Q: What do Caravaggio, Brett Whiteley and Led Zeppelin have in common?

13 04 2016

Yes, it’s time to clean out the attic. Never know what might be hiding up there. Like, say, a Caravaggio or two.

A leaky roof for most of us = ouchy plumbing bills. But for happy home owners in Marseilles, the leaky roof translated to good times. 100+ Euros of good times, to be precise. What looks to be a stunning, hitherto unknown, masterpiece by the Baroque Italian painter, Caravaggio, was propping up the rafters in a hidden space in their roof.

Whoo-hoo to them.

What interests me, though, is that experts are split on whether or not it’s a signature piece by the Italian master. Here’s the thing – Flemish artist Louis Finson lived in Naples at the same time as Caravaggio, where he became one of the first ‘Caravaggisti’. The ‘Caravaggisti’ followed Caravaggio’s style. Closely. As in, very closely. As in, to learn his technique, they copied his paintings. Down to the exact brushstrokes.

One thing I have not seen referred to in all the news reports is this: a painting by Louis Finson from the Collezione Intesa Sanpaolo… Judith Beheading Holofernes The painting was featured in an 2013 exhibition in Naples entitled, ‘Judith beheading Holofernes: Louis Finson’s interpretation of Caravaggio.’

I recalled the Finson painting and its similarity with the newly revealed Caravaggio as soon as I started browsing the papers this morning. ‘Similarity’ is an understatement. As for the Naples exhibition title: ‘Finson’s interpretation of Caravaggio’? Well, I think to describe it as an ‘interpretation’ is fairly generous. Play ‘spot the difference’ with the two. It’s fun!

No doubt if I made the connection over my morning Weetbix, it has already been discussed ad infinitum in Baroque academic circles. But what fascinates me is that the connection hasn’t been spoken of in general commentary, other than the fact that there are eminent experts who believe the newly revealed painting is not by Caravaggio, but is another example of a copy painted by Finson.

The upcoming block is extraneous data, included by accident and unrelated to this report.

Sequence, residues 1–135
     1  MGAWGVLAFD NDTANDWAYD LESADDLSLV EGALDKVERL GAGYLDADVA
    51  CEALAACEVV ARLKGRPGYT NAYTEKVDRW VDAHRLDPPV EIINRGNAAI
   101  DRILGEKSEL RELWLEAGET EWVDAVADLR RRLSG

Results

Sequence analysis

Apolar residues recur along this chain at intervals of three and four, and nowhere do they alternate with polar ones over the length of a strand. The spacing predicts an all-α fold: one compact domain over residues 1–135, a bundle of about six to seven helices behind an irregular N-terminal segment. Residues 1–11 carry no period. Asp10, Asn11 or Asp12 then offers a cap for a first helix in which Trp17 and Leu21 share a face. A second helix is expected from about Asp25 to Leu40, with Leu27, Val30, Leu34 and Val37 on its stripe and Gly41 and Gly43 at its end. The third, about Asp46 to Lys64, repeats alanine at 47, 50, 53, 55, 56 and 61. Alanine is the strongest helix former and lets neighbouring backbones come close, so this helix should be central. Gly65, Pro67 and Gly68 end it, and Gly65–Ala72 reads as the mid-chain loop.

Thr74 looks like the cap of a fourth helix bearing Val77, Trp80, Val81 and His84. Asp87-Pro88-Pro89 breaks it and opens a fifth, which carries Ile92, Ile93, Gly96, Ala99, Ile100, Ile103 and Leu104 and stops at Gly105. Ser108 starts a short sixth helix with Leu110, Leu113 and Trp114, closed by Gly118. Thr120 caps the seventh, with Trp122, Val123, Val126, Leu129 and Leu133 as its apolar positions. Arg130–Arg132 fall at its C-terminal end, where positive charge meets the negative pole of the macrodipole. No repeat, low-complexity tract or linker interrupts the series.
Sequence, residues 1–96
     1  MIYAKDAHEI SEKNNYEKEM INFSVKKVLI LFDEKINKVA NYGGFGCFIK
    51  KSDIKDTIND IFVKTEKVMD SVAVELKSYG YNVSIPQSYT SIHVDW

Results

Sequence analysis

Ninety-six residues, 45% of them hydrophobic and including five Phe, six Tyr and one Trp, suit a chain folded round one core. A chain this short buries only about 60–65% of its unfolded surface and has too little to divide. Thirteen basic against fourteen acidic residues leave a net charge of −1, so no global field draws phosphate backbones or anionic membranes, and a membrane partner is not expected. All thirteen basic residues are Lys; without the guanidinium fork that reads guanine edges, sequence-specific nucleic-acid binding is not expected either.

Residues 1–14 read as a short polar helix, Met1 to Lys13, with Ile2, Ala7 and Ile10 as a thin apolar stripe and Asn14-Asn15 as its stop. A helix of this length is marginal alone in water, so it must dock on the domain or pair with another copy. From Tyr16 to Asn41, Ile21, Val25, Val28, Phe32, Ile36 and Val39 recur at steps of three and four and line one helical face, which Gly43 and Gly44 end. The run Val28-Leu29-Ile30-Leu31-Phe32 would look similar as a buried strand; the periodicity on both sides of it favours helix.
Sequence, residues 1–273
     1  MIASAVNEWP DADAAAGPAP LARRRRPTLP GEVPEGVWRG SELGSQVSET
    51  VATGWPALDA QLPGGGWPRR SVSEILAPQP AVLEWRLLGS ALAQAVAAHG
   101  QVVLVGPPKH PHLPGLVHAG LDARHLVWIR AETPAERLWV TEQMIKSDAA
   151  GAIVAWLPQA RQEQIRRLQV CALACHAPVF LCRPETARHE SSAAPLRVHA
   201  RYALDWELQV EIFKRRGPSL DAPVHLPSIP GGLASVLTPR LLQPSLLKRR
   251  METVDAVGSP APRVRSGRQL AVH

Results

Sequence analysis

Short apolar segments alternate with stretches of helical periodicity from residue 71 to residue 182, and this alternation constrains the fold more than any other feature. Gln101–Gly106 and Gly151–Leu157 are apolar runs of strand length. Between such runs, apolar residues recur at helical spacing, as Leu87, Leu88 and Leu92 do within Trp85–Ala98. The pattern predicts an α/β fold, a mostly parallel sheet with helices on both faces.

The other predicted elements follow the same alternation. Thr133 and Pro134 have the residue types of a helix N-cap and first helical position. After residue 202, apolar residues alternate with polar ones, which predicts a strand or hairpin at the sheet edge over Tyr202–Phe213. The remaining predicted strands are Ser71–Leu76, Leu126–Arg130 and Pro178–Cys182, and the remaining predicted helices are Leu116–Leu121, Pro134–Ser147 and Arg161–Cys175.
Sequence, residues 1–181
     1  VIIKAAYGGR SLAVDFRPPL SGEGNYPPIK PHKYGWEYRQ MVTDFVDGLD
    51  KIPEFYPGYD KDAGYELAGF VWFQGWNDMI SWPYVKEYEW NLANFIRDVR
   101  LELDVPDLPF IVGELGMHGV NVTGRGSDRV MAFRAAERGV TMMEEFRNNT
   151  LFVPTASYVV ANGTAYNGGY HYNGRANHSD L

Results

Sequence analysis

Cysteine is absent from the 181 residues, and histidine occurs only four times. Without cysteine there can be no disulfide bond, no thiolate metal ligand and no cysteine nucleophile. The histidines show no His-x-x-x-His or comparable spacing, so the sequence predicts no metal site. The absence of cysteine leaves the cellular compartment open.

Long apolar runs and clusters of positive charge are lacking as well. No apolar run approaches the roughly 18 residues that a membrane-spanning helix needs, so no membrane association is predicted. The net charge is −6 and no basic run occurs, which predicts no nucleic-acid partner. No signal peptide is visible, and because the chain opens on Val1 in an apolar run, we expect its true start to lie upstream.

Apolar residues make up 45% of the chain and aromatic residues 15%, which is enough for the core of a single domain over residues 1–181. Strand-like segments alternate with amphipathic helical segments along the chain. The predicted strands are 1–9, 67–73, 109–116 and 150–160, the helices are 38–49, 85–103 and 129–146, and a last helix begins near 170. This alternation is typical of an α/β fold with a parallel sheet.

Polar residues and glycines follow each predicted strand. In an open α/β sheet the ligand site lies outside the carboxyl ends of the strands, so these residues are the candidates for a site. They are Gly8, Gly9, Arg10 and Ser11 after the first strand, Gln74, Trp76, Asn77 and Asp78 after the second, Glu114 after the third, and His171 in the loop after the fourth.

It does seem odd that it has not been mentioned – given that the acknowledged Finson has been touted as a copy of an original Caravaggio that was lost and now, presumably, has been found. I would have thought the existence of the Finson copy would reinforce the authenticity of the Caravaggio. But I’ll leave those arguments up to the Baroque experts. Not my field by a long shot.

The only reason I can think of that the Finson copy hasn’t been mentioned in general discussions of the new find is that it is thought that it would muddy the waters. You see, this is heading into a very grey and murky place. Elsewhere I’ve played with the idea of fakes vs forgeries. And at the moment, right in our backyard, we have a brouhaha of our very own going on, featuring Peter Gant and conservator Aman Siddique and a very unfortunate series of paintings attributed to Australian painter Brett Whiteley.

I won’t go into the details here. But Defense barrister, Trevor Wraight QC, rightly observed in court that it is not illegal to copy a work of art. And he would be correct. In fact, it is also fair to state that there is a long and very well-established tradition of artists copying other artists’ work, not necessarily as a means of deceiving purchasers. See: Louis Finson above. It only gets messy/illegal/wrong when people who know that a work of art is one thing attempt to sell it as something else and gain a financial benefit through that sale. Knowingly selling something that is misattributed to make a profit is very, very naughty. But what if you do so unwittingly?

It looks like we’ll need to rely on the consensus of experts to determine whether or not the newly discovered painting is, or is not, by Caravaggio. When it comes down to it, expertise and connoisseurship are not science; they are opinion-based. S0 you can be guaranteed it will be a majority ruling, not complete consensus.

As I say, it’s all very, very murky.

But in a world that is still fixated on concepts of ‘originality’ and ‘authenticity’, huge sums of money are placed at risk when a work of art’s authenticity is challenged. This is true even when such concepts are, for many contemporary artists, archaic, arcane and redundant to their practice.

But the stakes are very high. Just ask Robert Plant and Jimmy Page.

PS: Completely irrelevant aside here, but when did Jimmy Page start channeling Karl Lagerfeld?